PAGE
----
NASA researchers have detected the presence of persistent water vapor on one of Jupiter's icy moons using the Hubble Space Telescope.
Jupiter has many moons, and NASA is planning on exploring them as they could hold secrets about the evolution of Jupiter and Jupiter-like exoplanets that may be found in other parts of the Milky Way. According to a new post by NASA, Hubble's observations from 1999 to 2015 have led researchers to believe that one of Jupiter's moons, Europa, is showing signs of water vapor being present in the moon's atmosphere, which is only one-billionth the surface pressure of Earth's atmosphere.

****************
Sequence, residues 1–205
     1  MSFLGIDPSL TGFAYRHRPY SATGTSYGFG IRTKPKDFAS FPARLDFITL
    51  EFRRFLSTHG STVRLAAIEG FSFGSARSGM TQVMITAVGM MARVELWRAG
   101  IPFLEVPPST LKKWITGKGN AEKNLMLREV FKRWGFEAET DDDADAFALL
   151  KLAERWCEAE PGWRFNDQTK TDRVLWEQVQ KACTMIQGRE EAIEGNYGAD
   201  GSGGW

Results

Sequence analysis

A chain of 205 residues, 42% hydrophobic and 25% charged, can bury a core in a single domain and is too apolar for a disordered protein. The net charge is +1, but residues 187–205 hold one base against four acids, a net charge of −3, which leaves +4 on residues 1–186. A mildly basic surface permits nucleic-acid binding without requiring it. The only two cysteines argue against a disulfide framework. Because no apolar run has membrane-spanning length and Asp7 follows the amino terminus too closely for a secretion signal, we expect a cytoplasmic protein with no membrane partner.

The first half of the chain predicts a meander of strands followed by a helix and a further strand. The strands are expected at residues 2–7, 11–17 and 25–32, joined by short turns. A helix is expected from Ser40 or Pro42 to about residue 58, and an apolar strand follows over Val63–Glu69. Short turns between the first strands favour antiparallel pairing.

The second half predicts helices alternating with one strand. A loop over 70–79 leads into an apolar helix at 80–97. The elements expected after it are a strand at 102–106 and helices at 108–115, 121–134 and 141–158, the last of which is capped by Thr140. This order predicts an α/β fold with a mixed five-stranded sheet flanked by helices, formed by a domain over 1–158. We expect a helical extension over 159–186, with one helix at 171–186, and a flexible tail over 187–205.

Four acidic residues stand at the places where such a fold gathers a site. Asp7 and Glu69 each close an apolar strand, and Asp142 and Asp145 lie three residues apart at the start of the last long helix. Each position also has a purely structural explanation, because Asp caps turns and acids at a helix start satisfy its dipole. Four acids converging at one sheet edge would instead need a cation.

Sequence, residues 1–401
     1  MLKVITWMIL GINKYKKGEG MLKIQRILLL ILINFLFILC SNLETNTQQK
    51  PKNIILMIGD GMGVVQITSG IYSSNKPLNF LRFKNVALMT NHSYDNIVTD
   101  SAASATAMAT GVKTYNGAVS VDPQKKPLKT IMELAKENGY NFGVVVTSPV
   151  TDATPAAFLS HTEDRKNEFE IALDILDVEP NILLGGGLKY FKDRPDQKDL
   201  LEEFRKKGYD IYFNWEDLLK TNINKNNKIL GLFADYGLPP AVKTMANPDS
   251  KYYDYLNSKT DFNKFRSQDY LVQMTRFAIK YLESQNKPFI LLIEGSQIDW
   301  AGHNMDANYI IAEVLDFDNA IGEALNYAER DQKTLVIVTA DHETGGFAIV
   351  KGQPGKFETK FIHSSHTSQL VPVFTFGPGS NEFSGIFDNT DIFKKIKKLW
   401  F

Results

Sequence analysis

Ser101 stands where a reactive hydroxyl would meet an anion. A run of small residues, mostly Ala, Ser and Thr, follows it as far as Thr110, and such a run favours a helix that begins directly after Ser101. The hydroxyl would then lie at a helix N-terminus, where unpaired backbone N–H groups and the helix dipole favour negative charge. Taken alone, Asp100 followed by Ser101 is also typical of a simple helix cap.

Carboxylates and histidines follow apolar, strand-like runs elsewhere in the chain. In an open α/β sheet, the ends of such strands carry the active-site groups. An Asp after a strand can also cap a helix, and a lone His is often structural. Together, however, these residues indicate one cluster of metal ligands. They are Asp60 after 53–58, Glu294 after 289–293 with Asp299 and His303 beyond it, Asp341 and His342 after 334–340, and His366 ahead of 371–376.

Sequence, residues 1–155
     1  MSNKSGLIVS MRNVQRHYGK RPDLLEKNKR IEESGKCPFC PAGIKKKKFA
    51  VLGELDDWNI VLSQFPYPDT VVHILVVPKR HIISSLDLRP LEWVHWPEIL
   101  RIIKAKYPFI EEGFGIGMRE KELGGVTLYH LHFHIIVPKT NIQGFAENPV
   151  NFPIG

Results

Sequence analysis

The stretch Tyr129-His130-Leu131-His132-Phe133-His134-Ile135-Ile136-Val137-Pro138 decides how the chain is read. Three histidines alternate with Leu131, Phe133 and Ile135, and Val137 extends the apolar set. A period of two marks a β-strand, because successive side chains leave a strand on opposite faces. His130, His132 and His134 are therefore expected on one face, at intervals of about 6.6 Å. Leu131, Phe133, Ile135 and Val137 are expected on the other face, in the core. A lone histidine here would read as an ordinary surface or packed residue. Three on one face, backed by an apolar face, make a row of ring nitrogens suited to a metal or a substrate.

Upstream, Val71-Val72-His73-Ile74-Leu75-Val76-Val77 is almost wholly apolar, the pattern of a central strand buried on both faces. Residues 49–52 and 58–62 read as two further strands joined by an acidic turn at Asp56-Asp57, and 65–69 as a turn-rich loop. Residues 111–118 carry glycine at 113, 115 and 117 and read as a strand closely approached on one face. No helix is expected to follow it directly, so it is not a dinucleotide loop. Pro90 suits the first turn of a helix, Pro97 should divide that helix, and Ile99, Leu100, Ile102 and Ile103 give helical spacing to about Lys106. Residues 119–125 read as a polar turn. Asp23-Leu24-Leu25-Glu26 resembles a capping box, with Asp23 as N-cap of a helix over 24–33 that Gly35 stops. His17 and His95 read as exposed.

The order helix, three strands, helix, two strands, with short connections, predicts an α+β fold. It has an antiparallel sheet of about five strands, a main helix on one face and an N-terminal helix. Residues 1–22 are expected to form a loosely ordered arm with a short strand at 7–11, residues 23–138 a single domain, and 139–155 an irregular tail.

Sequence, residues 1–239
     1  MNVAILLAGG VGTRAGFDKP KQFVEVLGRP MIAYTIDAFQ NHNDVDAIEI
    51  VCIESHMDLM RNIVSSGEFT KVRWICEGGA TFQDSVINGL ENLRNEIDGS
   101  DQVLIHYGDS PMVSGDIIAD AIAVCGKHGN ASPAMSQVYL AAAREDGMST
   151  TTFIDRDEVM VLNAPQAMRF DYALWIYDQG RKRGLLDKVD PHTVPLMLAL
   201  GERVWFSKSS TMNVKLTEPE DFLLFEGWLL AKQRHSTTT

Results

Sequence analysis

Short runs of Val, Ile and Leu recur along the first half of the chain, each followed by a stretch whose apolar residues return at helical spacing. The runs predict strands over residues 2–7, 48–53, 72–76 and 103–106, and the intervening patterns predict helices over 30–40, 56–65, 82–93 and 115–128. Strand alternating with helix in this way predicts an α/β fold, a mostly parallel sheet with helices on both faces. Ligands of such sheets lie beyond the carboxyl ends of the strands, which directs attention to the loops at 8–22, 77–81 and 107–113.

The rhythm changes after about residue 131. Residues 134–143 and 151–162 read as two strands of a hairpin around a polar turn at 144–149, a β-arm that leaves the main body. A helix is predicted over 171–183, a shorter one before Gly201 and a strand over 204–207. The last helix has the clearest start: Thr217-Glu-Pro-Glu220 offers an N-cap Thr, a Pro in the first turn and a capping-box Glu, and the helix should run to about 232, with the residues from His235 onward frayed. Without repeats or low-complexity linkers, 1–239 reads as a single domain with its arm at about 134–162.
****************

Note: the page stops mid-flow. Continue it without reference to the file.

Europa is scared by cracks and fissures and averages -275 degrees Fahrenheit, but researchers believe that life could be present in a vast ocean beneath its icy crust. Hubble previously observed 60 mile-high plumes of water vapor being shot into the atmosphere, which is very similar to a geyser on Earth. These results suggest a "long-term presence of a water vapor atmosphere only in Europa's trailing hemisphere," writes NASA. The results from these observations will assist NASA in its upcoming mission to Europa called the Europa Clipper mission.
To learn more about Europa and how this discovery was made, check out this link here.